Wrongful death lawsuit filed for 2015 officer-involved shooting

Posted: 6:13 PM, Mar 14, 2018
Updated: 2018-03-14 23:14:41Z

A wrongful death lawsuit has been filed by the family of a Green Bay man killed during a 2015 officer-involved shooting.

The lawsuit was filed against the City of Green Bay, former Police Chief Tom Molitor, Officer Matthew Dunn, Officer Brian Krueger and ten other officers with the department. 

Walter Stern, an attorney for the family of Joseph Biegert, said the 2015 the officer-involved shooting should have never happened.

Biegert was shot and killed by officers after they responded to a welfare check.

According to the Department Of Criminal Investigation report, Biegert stabbed a responding officer and that's when officers shot and killed him.
Biegert was found to have antidepressants and amphetamines in his system.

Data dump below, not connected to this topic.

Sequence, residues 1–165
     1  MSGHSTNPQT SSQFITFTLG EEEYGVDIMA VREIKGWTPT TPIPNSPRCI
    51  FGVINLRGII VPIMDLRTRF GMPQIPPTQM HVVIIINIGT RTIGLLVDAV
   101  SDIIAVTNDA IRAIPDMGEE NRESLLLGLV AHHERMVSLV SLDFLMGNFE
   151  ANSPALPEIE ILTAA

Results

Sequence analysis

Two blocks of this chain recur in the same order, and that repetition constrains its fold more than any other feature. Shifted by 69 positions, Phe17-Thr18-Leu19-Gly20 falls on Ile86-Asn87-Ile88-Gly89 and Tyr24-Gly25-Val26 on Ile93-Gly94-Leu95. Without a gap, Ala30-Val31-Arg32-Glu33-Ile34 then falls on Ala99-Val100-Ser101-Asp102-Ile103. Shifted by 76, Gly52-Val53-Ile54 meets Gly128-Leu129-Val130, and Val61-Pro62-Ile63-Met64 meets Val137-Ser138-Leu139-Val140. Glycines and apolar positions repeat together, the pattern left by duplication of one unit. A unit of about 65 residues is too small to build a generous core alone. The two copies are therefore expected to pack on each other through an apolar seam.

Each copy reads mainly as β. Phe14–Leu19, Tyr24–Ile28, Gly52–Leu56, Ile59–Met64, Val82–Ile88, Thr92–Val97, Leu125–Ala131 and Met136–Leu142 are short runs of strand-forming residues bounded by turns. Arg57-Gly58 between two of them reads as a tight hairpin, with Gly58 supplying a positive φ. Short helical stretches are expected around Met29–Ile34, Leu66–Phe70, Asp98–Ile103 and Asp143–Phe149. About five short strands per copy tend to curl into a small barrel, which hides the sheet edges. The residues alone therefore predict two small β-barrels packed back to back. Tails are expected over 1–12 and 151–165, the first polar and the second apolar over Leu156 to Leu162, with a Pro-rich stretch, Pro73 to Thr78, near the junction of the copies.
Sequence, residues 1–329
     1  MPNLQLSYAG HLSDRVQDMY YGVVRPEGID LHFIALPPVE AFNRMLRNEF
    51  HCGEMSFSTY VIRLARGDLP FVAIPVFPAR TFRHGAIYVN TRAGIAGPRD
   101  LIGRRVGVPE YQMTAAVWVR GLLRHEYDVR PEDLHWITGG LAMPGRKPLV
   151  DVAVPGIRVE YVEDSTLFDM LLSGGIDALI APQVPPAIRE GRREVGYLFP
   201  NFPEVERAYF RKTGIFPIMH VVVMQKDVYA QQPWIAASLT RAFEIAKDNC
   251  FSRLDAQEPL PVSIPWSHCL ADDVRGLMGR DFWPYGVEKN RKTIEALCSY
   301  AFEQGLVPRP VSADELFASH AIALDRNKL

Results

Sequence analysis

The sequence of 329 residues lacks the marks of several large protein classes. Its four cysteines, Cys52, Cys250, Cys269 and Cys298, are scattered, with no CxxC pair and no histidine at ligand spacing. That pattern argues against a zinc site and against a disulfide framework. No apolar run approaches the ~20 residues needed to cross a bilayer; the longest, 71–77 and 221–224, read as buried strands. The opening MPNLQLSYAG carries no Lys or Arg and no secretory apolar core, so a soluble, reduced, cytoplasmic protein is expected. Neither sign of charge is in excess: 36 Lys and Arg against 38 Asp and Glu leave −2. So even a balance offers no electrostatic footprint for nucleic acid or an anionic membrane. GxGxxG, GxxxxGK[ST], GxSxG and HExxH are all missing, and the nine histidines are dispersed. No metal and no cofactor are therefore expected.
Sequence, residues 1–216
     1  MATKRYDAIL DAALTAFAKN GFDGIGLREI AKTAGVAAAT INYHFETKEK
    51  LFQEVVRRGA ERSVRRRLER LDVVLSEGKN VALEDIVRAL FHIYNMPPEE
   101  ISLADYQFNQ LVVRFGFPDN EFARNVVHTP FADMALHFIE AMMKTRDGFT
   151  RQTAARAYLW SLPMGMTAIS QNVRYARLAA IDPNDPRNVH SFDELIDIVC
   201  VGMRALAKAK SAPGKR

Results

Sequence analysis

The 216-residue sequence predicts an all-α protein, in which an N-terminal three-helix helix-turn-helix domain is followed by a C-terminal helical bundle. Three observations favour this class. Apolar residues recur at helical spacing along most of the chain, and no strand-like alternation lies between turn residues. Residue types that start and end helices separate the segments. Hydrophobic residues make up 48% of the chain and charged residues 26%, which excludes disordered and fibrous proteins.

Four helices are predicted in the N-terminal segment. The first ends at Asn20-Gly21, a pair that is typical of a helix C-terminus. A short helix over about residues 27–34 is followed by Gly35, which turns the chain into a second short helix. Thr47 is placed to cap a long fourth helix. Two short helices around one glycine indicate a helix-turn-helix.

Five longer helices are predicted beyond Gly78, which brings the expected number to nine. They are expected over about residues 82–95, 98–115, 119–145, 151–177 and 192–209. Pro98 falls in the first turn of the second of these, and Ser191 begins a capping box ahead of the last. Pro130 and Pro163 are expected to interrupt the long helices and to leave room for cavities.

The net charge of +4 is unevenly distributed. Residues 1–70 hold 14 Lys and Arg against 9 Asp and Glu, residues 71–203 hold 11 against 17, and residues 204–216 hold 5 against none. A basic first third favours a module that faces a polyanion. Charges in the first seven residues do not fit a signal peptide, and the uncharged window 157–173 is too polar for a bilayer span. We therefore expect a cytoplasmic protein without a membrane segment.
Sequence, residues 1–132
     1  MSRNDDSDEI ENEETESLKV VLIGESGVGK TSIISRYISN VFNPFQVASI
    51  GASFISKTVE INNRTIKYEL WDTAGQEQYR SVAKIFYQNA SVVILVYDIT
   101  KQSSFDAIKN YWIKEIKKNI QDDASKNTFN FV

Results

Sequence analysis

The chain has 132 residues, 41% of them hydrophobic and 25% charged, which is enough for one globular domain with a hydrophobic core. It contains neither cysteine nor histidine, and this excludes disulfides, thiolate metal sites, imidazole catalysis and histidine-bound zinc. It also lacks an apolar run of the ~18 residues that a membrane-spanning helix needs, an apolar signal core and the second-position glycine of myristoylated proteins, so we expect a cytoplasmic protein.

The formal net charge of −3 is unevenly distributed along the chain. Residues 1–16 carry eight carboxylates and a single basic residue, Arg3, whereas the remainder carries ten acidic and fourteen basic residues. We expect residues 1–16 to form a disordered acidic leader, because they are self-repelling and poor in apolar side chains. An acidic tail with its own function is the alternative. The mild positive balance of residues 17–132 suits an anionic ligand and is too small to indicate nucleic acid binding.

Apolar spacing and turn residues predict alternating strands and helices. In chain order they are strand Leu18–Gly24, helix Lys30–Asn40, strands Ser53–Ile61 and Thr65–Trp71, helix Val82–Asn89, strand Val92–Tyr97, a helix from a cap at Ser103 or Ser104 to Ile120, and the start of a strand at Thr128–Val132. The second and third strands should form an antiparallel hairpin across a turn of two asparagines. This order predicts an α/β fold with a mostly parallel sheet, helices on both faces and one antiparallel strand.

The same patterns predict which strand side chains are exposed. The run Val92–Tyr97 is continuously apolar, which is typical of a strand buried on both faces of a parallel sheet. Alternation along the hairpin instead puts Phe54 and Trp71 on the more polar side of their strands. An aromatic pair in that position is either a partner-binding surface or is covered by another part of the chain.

DCI said the officers were justified in the shooting. 

The family attorney said Biegert was known by the Green Bay Police Dept. to have mental illness, was never violent during previous welfare checks at his apartment and the responding officers did not have mental health crisis intervention training, something the family would like to see come out of this suit.

“Crisis intervention really helps train officers on the use of force, how to handle mentally ill people, teaches them about mental illness and many time it teaches them to bring a crisis worker with them,” said attorney Walter Stern. 

We reached out to the Green Bay Police Department. Current chief, Andrew Smith, who was not with the department at the time of the shooting issued this statement:

“I cannot comment on any pending litigation, but this incident was investigated by the Wisconsin Department of Justice’s Division of Criminal Investigation.  That independent investigation concluded that the involved Green Bay Police Department officers acted appropriately.” 

NBC26 also reached out to the city attorney's office, they have not gotten back to us.

As for the lawsuit, the attorney said this will likely take some time -- the next step is pre-trial discovery, and he said he hopes that happens within the next year.